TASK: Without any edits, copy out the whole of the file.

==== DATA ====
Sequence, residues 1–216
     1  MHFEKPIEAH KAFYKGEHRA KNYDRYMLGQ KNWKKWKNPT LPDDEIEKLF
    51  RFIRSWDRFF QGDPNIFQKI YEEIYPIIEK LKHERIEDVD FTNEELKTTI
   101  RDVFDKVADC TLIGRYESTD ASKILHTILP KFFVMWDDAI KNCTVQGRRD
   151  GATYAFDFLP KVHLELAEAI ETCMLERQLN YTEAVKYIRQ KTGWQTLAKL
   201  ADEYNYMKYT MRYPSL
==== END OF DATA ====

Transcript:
Sequence, residues 1–216
     1  MHFEKPIEAH KAFYKGEHRA KNYDRYMLGQ KNWKKWKNPT LPDDEIEKLF
    51  RFIRSWDRFF QGDPNIFQKI YEEIYPIIEK LKHERIEDVD FTNEELKTTI
   101  RDVFDKVADC TLIGRYESTD ASKILHTILP KFFVMWDDAI KNCTVQGRRD
   151  GATYAFDFLP KVHLELAEAI ETCMLERQLN YTEAVKYIRQ KTGWQTLAKL
   201  ADEYNYMKYT MRYPSL